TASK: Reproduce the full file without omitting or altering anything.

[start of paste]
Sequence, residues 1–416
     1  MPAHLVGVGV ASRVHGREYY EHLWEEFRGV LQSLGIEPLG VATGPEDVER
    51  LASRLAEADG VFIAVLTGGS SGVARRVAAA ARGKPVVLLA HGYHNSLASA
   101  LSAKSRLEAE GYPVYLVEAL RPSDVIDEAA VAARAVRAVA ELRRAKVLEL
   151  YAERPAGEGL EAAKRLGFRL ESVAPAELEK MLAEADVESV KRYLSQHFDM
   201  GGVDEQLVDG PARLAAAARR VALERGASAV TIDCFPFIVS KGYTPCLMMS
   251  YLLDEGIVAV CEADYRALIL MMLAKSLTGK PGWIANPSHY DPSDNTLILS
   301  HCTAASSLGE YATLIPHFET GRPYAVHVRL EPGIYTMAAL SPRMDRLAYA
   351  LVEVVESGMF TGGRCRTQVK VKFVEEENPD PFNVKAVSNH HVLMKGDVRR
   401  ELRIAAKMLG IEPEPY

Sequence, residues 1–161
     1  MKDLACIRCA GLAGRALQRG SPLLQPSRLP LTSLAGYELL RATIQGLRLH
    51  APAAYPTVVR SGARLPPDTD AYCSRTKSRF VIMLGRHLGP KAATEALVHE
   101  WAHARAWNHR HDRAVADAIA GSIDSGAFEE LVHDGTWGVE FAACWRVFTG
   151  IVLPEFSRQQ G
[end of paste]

Sequence, residues 1–416
     1  MPAHLVGVGV ASRVHGREYY EHLWEEFRGV LQSLGIEPLG VATGPEDVER
    51  LASRLAEADG VFIAVLTGGS SGVARRVAAA ARGKPVVLLA HGYHNSLASA
   101  LSAKSRLEAE GYPVYLVEAL RPSDVIDEAA VAARAVRAVA ELRRAKVLEL
   151  YAERPAGEGL EAAKRLGFRL ESVAPAELEK MLAEADVESV KRYLSQHFDM
   201  GGVDEQLVDG PARLAAAARR VALERGASAV TIDCFPFIVS KGYTPCLMMS
   251  YLLDEGIVAV CEADYRALIL MMLAKSLTGK PGWIANPSHY DPSDNTLILS
   301  HCTAASSLGE YATLIPHFET GRPYAVHVRL EPGIYTMAAL SPRMDRLAYA
   351  LVEVVESGMF TGGRCRTQVK VKFVEEENPD PFNVKAVSNH HVLMKGDVRR
   401  ELRIAAKMLG IEPEPY

Sequence, residues 1–161
     1  MKDLACIRCA GLAGRALQRG SPLLQPSRLP LTSLAGYELL RATIQGLRLH
    51  APAAYPTVVR SGARLPPDTD AYCSRTKSRF VIMLGRHLGP KAATEALVHE
   101  WAHARAWNHR HDRAVADAIA GSIDSGAFEE LVHDGTWGVE FAACWRVFTG
   151  IVLPEFSRQQ G